One of the challenges of modern development is getting your environment set up. Fortunately, there’s a command line tool that gets you started and it’s supported by the React team: create-react-app

In OSX you can open your terminal window and run the following commands:

npm install -g create-react-app
create-react-app d3ia
cd d3ia/
npm start

Setting up your React app is that easy. If you navigate to localhost:3000 you’ll see the boilerplate create-react-app page below. If you have any issues or need instructions for Windows, see

The default page that create-react-app deploys with.

Along with starting your node server running the code, this will create all the structure you need to build and deploy a React application that we’re going to use it to build our dashboard. That structure contains a package.json file that references all the modules included in your project and to which we need to add a couple more modules to make our dashboard. We add modules using NPM and while we could include the entire D3 library and keep coding like we have, you’re better off installing the individual modules and understanding how importing those modules works. In your project directory run the following to install the d3-scale module:

npm i –SE d3-scale

This command (npm i is short for npm install) installs the latest version of d3-scale (which gives us access to all those wonderful scales we’ve been using in the last eight chapters) and the –SE tag saves the exact version to your package.json so that when you want to deploy this application elsewhere d3-scale is installed. Along with d3-scale, do the same thing with the following modules:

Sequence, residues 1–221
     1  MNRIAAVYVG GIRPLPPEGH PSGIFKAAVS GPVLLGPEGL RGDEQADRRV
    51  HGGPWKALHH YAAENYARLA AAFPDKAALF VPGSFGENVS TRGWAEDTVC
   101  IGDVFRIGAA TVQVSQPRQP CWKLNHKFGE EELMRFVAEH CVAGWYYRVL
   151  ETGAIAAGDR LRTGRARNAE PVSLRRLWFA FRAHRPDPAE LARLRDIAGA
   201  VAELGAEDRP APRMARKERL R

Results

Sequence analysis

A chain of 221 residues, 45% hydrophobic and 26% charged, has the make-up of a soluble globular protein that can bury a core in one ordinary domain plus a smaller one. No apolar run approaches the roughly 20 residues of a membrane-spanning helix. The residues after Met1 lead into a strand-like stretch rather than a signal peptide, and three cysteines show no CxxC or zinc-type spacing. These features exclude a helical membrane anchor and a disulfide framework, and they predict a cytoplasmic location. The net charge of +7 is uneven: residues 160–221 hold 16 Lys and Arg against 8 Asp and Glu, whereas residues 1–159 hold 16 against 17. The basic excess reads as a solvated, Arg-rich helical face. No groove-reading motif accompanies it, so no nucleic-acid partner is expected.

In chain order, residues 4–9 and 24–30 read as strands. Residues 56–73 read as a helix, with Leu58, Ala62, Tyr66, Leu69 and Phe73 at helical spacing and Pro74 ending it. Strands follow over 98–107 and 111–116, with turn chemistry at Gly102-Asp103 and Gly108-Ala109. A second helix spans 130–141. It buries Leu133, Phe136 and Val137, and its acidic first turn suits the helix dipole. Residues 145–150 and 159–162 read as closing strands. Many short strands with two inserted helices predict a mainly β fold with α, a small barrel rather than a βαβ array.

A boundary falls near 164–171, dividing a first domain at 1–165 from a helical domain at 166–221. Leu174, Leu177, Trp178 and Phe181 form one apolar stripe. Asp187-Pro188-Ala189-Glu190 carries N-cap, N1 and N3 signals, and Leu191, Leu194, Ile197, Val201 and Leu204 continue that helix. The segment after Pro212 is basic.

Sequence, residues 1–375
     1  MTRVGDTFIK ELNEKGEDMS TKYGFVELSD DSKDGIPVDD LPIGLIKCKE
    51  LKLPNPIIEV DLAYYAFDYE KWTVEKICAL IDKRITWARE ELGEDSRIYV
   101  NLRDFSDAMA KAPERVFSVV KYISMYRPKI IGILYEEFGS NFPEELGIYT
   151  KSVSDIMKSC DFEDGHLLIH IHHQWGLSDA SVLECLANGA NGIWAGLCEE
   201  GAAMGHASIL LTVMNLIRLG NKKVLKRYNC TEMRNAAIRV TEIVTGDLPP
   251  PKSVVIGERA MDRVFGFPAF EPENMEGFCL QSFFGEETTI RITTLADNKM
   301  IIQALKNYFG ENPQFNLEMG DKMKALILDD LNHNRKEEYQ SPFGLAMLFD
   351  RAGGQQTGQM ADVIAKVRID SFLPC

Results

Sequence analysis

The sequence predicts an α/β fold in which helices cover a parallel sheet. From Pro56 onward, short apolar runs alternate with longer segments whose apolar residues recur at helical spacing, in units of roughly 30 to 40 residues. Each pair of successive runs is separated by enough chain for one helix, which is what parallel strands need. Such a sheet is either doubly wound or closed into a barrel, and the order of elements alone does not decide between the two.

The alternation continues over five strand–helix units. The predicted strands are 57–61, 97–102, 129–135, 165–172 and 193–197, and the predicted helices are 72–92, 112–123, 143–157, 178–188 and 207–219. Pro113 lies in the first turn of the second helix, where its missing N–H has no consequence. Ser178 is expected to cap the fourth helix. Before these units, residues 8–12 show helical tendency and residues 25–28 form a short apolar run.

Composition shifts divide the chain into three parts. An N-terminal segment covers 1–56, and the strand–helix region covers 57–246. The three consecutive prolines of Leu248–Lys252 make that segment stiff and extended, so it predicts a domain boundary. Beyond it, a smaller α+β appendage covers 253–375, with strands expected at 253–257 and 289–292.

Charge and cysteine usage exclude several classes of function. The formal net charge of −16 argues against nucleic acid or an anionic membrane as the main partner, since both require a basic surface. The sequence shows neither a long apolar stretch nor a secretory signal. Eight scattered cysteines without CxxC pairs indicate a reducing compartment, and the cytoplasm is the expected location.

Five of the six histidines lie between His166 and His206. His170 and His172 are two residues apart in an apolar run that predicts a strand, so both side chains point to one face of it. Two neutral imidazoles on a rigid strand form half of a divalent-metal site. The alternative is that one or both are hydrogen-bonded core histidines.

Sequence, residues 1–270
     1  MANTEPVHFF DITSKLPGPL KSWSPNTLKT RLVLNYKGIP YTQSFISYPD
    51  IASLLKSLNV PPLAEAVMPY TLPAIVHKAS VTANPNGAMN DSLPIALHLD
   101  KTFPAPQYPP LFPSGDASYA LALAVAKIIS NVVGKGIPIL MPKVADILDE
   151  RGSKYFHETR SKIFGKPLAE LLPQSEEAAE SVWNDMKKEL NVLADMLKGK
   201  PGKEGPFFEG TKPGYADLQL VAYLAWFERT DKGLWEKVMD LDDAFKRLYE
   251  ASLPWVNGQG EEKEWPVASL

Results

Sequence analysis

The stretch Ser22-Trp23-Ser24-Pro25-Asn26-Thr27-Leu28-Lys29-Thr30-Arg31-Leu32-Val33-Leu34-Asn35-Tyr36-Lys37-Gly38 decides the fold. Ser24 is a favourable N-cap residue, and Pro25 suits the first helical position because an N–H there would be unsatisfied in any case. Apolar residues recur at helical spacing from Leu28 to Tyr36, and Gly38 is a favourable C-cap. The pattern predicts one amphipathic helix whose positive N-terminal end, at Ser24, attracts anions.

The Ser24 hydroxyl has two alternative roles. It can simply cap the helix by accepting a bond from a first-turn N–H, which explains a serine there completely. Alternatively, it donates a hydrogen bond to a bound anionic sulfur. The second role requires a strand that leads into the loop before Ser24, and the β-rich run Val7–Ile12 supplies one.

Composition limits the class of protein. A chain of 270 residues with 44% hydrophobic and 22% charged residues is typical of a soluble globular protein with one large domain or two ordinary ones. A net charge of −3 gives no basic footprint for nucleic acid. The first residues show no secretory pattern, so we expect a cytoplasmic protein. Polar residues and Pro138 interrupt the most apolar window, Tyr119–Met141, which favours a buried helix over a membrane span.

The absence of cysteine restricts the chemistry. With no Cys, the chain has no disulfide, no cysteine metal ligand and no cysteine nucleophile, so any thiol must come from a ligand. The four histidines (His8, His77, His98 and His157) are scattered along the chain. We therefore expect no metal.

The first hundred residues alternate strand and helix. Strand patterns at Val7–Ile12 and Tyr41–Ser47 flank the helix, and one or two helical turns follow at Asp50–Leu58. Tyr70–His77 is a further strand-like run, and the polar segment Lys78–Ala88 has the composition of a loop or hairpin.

By installing modules individually like this, you reduces the amount of code you’ll deploy with your application, decreasing load time and improving maintainability.


JSX refers to JavaScript + XML, an integrated JavaScript and HTML coding language that lets you write HTML inline with your JavaScript code. It requires that the code be transpiled to plain JavaScript — your browser can’t natively run JSX — but as long as you have your transpiling set up (which react-create-app already does for us) you can write code like this:

const data = [ “one”, “two”, “three” ]
const divs =,i) => <div key={i}>{d}</div>)
const wrap = <div style={{ marginLeft: “20px” }}

And you can create an array of three div elements, each of which will have the corresponding string from your array as content. Notice a few things going on here. One, when we start writing in HTML we have to use curly braces (bolded for emphasis above) to get out of it if we want to put js there. If I hadn’t put curly braces around the d, for instance, then all my divs would have had the letter “d” as their content. Another is that style is an object passed to an element and that object needs CSS keys that usually are snake case (like margin-left) turned into camelcase (marginLeft). When we’re making an array of elements, each needs a “key” property that gives it a unique key (like the optional key when we’re using .data() with D3). Finally, when you want to set an element’s CSS class, you need to use className, because class is reserved.

There’s more to JSX but that should be enough to let you make sense of the code you’re going to see. When I first saw JSX, I was convinced it was a horrible idea and planned to only use the pure JavaScript rendering functions that React has (you don’t need to use JSX to use React), but after a couple weeks, I fell in love with it. The ability to create elements on the fly from data really appealed to me because of my experience with D3.